All the lights mentioned thus far are IPX4 rated which means mild water resistance for splashes, spilt beer, etc. And each light is should survive a six-foot drop onto most surfaces.

The Yellow One

On the DeWalt side, there is a wonderful little 12-volt light called the DCL510 12V MAX LED Work light that puts out plenty of useful photons in a fairly narrow spot.  Where the DeWalt shines, if you pardon the pun, is within its rotating and swiveling head.  Additionally the it comes with a belt clip as well as two powerful magnetic bars will anchor this light to most reasonably flat ferris surfaces such as on a car or or truck body.  Of course the light has several different sitting positions including a kickstand that work wonders as well as both a hook and larger footprint for balance.

Although the DCL510 12V MAX LED Worklight specs list only an output of 130 lumens, it seems much brighter. The on-switch is just that, it turns the light on and off. No variable power, strobe or anything else with this one, nor any added bumpers or IPX rating.

Lights Out

Although DeWalt, and Milwaukee make other lights, they are either incandescent, fluorescent, or LEDs in a SHTF flashlightstraditional worklight form factor, not these survival-themed versions. The point of this SHTF lighting introspective is to consider some relatively new light designs that will make a difference when things go dark for real, which is just what happened.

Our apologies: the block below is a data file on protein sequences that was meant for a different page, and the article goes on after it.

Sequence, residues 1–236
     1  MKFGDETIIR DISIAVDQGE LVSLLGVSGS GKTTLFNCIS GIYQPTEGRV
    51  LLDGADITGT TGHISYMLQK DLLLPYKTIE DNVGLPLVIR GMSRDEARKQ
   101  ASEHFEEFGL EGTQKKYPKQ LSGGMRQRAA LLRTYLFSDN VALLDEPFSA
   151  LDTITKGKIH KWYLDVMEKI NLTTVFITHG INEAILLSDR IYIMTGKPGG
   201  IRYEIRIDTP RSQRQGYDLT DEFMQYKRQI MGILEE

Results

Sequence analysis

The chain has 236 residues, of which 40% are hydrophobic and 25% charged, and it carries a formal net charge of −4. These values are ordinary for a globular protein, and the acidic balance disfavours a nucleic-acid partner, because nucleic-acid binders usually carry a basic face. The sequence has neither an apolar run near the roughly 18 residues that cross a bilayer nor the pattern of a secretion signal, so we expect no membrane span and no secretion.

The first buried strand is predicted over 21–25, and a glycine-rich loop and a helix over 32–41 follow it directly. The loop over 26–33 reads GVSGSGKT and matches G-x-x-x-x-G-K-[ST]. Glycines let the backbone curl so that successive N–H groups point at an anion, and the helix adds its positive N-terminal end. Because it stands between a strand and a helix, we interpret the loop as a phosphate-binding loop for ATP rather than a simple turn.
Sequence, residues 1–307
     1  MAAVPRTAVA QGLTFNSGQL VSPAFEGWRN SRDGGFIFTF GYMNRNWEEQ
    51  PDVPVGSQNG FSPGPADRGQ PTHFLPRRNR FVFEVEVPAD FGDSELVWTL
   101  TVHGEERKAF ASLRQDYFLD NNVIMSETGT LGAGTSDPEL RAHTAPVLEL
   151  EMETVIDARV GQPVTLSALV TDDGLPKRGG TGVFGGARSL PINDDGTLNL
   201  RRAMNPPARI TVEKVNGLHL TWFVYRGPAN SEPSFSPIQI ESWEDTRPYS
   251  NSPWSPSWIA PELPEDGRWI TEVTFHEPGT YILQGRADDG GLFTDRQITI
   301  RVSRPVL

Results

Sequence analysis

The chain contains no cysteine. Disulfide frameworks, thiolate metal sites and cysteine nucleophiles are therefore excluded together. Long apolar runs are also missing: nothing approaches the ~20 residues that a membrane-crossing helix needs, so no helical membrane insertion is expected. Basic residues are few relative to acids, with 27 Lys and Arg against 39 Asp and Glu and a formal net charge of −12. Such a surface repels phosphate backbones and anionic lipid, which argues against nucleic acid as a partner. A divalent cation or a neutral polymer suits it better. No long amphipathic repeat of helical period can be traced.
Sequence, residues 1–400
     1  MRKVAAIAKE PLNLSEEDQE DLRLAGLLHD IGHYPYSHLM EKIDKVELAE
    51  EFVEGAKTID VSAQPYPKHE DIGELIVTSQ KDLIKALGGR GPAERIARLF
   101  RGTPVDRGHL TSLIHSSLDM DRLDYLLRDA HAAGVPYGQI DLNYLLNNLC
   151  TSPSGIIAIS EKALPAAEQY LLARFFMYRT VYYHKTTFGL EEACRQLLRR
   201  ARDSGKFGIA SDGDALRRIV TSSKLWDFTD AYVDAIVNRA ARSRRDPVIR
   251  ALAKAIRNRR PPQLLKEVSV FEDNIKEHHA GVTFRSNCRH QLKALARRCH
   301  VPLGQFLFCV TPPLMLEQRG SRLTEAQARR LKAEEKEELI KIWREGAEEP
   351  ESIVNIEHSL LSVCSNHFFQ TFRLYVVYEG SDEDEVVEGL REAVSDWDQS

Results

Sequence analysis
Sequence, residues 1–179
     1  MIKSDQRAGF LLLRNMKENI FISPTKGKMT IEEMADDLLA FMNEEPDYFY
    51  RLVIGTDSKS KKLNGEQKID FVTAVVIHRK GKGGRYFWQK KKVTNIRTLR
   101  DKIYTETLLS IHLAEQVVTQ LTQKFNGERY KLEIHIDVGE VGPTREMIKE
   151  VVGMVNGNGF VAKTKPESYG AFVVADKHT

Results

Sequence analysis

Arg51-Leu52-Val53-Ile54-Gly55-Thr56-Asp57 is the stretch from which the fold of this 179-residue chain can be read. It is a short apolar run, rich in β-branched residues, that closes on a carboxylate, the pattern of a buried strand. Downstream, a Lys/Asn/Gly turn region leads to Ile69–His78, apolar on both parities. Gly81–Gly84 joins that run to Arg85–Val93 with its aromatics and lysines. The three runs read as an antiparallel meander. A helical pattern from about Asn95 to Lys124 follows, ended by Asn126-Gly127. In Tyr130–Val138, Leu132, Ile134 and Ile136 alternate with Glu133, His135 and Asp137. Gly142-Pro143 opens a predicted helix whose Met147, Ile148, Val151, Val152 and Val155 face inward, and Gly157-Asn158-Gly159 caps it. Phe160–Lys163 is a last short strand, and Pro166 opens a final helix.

In fact, I am typing this addendum on a laptop while the power is out. Going on day three to be exact. A windstorm moved through the valley while I was in Missoula, MT. It not only knocked over trees that turned power lines into spaghetti, but the hurricane-force breeze also took out the very high-voltage transmission poles that carry the power into the city. The first night in the dark was cute reminder of what could happen. By the next night, it was obvious that things were amiss here in river city. The power company gave no estimates of when the power would flow again, and instead hid behind the word “complicated” when it came to fixing the situation.

But me?  Frankly I enjoyed the darkness and thought it could teach the world plenty about self preparedness. Survival expert Lars Fält is worried about people today with their “built-in helplessness,” which Lars believes is increasing everyday due to our push-button lives.  “Society has never been so vulnerable as it is today,” proclaims Lars Fält flatly.